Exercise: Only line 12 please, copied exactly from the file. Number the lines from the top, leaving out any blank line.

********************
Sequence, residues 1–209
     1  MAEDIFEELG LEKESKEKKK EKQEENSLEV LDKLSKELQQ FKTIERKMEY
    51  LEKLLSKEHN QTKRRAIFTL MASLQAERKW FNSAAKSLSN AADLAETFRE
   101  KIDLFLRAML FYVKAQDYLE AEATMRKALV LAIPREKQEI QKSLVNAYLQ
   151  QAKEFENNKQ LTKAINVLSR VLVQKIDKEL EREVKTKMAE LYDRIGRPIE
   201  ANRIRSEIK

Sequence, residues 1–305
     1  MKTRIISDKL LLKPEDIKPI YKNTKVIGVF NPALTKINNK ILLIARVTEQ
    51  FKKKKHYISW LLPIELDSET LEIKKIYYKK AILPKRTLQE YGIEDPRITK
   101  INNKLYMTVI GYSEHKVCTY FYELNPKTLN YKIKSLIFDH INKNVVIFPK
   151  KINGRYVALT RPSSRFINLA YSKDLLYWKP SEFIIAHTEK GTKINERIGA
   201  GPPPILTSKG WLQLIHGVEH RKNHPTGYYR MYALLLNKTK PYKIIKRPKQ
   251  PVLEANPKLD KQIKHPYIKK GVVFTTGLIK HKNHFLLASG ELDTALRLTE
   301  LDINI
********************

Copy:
   201  GPPPILTSKG WLQLIHGVEH RKNHPTGYYR MYALLLNKTK PYKIIKRPKQ